Mao Zedong had won a long and deadly civil war a year earlier and united China under the communist flag. When MacArthur’s UN forces threatened his border in the fall of 1950, Mao decided to act. By late November 1950, tens of thousands of Chinese soldiers had quietly infiltrated North Korea and surrounded MacArthur’s forces. On the night of November 27, Mao sprung his trap at the Chosin Reservoir.

The worst of the Chinese onslaught landed on the forces encamped in the hills around the Chosin Reservoir—the First Marine Division, under the command of General Oliver P. Smith, and a small, attached Army unit. Night after night, Mao’s army swept down from the hills and attacked the vastly outnumbered American troops.

The only hope for the surrounded men was to fight their way back to the coast, a perilous journey into the teeth of a subarctic winter, through tens of thousands of Chinese soldiers waiting in the high ground above the single road out. For the next two weeks, General Smith’s men fought brutal battles against the Chinese in some of the harshest conditions American forces had ever experienced. Dead bodies, frozen in grotesque and contorted shapes, littered the battlefield. Finally, 14,000 surviving troops made their way back to safety.

The carefully staged withdrawal succeeded and also inflicted devastating losses on the enemy. Two Chinese divisions were entirely destroyed, and an estimated 40,000 Chinese soldiers were killed.

Thousands of North Korean refugees were also fleeing south, many trailing the column of Marines. Nearly 100,000 refugees were part of the massive evacuation of American and UN troops out of North Korea.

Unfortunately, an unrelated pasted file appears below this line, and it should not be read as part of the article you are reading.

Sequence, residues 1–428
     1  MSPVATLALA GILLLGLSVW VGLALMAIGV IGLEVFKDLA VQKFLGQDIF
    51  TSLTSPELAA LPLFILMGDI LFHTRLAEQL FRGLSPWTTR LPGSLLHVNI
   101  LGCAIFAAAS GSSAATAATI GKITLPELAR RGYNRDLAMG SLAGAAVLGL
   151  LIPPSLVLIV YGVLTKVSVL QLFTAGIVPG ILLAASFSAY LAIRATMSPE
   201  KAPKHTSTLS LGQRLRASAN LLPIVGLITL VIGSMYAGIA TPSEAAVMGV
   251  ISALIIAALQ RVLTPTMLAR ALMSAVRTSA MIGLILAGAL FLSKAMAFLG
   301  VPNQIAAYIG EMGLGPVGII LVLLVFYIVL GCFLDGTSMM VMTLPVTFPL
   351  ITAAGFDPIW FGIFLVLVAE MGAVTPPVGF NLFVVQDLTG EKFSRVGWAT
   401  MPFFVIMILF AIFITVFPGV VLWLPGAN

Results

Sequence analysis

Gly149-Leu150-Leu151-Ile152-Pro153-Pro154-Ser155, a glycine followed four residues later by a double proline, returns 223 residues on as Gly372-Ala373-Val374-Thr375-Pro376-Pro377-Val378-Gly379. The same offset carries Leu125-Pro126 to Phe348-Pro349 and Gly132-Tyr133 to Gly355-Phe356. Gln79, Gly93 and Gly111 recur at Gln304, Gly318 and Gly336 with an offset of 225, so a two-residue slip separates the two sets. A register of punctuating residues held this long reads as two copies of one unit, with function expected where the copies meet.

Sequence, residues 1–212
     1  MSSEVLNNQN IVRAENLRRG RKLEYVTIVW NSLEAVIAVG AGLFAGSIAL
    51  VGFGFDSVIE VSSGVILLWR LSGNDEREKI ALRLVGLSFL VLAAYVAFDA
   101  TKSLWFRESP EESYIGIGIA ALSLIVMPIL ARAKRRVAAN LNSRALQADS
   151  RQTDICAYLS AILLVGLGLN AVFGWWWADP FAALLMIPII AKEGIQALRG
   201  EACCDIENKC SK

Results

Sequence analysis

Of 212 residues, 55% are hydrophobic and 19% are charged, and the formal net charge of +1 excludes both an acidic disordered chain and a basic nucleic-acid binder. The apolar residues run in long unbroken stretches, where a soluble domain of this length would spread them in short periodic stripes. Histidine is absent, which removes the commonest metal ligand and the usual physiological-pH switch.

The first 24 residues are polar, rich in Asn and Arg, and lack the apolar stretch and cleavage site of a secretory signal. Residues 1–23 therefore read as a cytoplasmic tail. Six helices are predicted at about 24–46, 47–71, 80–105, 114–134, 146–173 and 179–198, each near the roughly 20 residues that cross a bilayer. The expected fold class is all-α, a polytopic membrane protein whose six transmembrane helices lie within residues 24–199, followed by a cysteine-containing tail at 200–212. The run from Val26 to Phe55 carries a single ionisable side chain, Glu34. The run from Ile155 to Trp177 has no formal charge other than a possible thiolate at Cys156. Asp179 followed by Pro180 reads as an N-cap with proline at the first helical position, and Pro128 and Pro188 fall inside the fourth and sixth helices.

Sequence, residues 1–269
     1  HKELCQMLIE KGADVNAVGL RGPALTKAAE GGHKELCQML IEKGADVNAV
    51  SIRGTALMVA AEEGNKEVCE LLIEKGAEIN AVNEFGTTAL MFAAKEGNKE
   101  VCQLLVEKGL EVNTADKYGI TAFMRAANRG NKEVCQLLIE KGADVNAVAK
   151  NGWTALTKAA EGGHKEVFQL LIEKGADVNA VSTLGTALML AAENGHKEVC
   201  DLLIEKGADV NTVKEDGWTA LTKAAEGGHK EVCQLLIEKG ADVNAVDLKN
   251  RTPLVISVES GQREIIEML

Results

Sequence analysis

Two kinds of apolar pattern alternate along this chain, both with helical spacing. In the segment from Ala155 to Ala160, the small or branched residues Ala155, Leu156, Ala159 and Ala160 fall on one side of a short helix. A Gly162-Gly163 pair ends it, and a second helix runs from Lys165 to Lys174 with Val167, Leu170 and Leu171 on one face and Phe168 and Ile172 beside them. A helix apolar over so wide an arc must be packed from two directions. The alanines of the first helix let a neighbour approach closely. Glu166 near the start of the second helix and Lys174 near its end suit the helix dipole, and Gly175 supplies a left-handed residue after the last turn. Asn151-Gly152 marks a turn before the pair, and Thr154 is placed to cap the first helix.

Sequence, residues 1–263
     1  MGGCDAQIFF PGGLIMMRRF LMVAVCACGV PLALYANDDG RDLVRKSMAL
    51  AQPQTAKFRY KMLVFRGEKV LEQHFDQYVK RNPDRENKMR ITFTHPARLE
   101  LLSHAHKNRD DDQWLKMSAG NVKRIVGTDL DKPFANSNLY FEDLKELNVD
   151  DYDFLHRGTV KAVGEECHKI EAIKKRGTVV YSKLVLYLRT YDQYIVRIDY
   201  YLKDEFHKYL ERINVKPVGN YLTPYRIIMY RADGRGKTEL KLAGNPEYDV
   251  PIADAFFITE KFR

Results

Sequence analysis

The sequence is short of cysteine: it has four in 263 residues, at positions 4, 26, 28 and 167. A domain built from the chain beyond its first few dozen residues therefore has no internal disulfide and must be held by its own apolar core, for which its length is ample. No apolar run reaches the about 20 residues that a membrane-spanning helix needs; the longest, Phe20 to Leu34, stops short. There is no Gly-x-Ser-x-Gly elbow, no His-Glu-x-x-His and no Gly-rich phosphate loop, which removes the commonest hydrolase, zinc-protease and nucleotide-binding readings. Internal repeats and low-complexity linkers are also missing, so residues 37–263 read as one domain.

Pickin’ and playin’ and reveling “The History of Rock in Fifty Guitars”

Here we are, strumming along to tell you about a nifty little book that traces the evolution of the guitar. And then some.

The pickin’ and playin’ began in the ’20s with experiments with steel cones and resonators. With these additions, the role of the guitar transformed from accessory to vital band member—introducing electronic amplification to the 20th century music scene. The new intensified sounds inspired a much more colorful style of playing, and in turn, a string of new genres from jazz and blues to skiffle and country.

With the growing beatnik movement rearing its head in the ’50s, a new musical landscape was in high demand and rock ’n roll was born with a guitar in hand. Bruce Wexler reveals the 50 most beloved guitars in rock history and the artists who played them in The History of Rock in Fifty Guitars (The History Press, $24.95).

What a crowd! There’s Jerry Garcia’s famous Tiger guitar, customized by Alembic; John Lennon’s Gibson-made “Revolution” Casino guitar heard on “Lucy in the Sky with Diamonds”;  Jimi Hendrix’s Fender Stratocaster that he played on the Woodstock stage; B.B. King’s Gibson ES-355 charmingly nicknamed “Lucille” and Kurt Cobain’s fusion Fender Jag-Stang.

Each vignette counting down the top 50 guitars offers insight into the history behind the guitars, the star-studded instrumentalists who played them and the hit songs and albums the guitars helped to compose. Many limited-edition tribute guitars are highlighted and enhanced with closeup shots detailing the guitar’s features—including gold-plated hardware, locking tuners, double-necks, P-90 pickups, f-holes and more—that make them entirely unique and groundbreaking. A book that traces the development of the guitar over seven decades of rock music, The History of Rock in Fifty Guitars will enthrall guitar aficionados and music buffs.